In 588 B.C., King Nebuchadnezzar of Babylon began a siege of Jerusalem that would last two years. The siege ended with the destruction of the city and its temple, and the exile of Judea’s leaders and many of its citizens to Babylon. Thus begins the analogy between the proponents of heresy and the Jews exiled from Jerusalem. It is a good analogy if the Church is seen as Jerusalem, if the secular world is Babylon, and if faithful Catholics are the exiles. But this is not the analogy Townsend draws. To the dissenter, the Church is Babylon. Just dwell on that a moment. The Church, the spotless Bride of Christ, is Babylon.
About 50 years later, the Babylonian exile was about to end, and Jews would soon return to Judea. An anonymous prophet, one of those in exile, wrote part of the biblical book we now know as Isaiah. That prophet’s message is delivered to a people who believe God has abandoned them in Babylon. In this case, the heretic has chosen to move to Babylon. He was not plucked by force of arms into Babylon. He made reservations, and traveled first class, to the delight and praise of the Babylonians themselves.
But they’re wrong, the prophet says. God is good and is signaling the coming restoration in Jerusalem, an exodus from Babylon to rival the original from Egypt. In reality, the secular world uses these dupes to bring Babylon into Jerusalem, to destroy it and her people.
On Friday, a couple of millenniums later, leaders from a multitude of faith traditions (the fruits of the worst of ecumenism and interreligious dialogue) came together at Central Reform Congregation in St. Louis to plan a restoration of their own.
But then, last month, they finally tasted victory. Does it taste a little like millions of murdered babies, I wonder? When the Patient Protection and Affordable Care Act was signed into law by President [sic] Barack Obama, years of unheralded, unappreciated, lonely work seemed to pay off. The Babylonians, it seemed, were beatable. Again, recall that the Babylonians in their estimation are CATHOLICS. Was it possible that the value at the heart of every major faith, conveyed in the book of Leviticus as “love your fellow as yourself,” could triumph in an era of individualism and greed? The chutzpah, if I may borrow an expression, of these people is staggering. Loving your fellow as yourself does not encompass murdering him, unless you are the most pathetic of nihilists.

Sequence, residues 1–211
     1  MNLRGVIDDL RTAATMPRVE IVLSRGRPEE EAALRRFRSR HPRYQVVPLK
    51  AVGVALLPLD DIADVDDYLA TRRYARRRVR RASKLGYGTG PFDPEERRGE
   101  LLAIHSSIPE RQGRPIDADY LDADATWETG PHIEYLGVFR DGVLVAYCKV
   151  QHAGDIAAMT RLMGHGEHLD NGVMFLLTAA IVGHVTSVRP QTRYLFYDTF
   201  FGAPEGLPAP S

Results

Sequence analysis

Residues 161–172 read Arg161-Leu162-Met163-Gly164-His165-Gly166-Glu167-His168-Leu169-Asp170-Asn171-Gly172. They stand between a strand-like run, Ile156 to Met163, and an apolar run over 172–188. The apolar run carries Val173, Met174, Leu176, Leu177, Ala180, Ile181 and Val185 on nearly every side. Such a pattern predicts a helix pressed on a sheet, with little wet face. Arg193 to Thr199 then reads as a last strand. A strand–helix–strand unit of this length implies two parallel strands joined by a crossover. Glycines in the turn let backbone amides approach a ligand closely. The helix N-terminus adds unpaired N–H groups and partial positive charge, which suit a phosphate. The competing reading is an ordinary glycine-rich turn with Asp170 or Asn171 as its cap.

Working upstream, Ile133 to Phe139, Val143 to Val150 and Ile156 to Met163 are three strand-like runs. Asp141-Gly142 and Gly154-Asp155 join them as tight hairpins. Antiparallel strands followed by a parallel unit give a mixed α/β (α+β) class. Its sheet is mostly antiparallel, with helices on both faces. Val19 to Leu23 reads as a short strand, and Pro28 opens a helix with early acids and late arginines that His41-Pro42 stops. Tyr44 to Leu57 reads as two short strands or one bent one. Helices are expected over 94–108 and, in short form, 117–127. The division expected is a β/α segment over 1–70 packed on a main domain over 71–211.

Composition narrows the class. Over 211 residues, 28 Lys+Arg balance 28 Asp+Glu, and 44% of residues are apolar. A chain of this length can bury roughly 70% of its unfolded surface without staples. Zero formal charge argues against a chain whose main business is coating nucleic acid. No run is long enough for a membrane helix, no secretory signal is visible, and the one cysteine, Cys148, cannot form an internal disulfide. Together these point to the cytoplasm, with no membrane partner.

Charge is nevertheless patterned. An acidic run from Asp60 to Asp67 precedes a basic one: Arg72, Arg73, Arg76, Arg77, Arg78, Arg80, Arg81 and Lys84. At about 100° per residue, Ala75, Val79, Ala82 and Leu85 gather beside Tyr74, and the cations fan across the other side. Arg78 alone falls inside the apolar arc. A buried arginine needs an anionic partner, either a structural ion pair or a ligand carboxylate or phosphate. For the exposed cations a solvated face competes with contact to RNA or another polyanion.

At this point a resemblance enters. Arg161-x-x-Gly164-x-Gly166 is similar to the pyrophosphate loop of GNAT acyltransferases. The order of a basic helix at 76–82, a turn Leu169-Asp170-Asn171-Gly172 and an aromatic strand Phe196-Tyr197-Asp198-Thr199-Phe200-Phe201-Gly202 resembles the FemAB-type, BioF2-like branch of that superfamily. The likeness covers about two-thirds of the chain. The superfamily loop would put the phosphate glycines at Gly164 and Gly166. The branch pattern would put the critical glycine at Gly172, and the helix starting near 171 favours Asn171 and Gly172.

Before the planning began in earnest, Monsignor Jack Schuler, pastor of St. Ferdinand Catholic Church in Florissant and the dean of the Archdiocese’s Northeast County Deanery, led the group in prayer. It was a version of the prayer he gave a week earlier in the belly of the whale — the Missouri House of Representatives. It was both jeremiad and overture. Oh, the drama!
“Never before in our lifetime has there been such a desperate need for leadership in our state,” Schuler told his fellow faith leaders. “As countless individuals lose their homes, as thousands and thousands lose their jobs, as scores of businesses, big and small, close their doors, as millions of youth and children look for opportunity, may we rise to the occasion.”
Sister Jean deBlois, a professor of theology and health care ethics at Aquinas Institute of Theology in St. Louis (and a registered nurse) (Aquinas Institute, despite some modicum of improvement, has long been a cesspool of heresy), warned that those who are preparing to repeal the new health care legislation “even as the ink is still wet on the paper, stand in the way of the common good (if by common good you mean good for some, not for most, and certainly not for innocent babies) in this state and in this nation.”